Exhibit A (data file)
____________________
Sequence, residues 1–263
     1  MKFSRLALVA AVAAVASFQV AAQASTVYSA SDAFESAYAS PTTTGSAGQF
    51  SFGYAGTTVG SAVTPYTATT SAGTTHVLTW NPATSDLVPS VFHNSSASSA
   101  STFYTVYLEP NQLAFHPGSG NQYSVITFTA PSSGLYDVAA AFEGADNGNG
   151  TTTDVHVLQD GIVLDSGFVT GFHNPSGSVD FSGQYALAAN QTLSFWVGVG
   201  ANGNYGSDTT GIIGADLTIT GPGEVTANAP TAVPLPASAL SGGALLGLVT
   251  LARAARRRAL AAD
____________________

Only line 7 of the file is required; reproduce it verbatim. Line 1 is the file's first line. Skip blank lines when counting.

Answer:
   251  LARAARRRAL AAD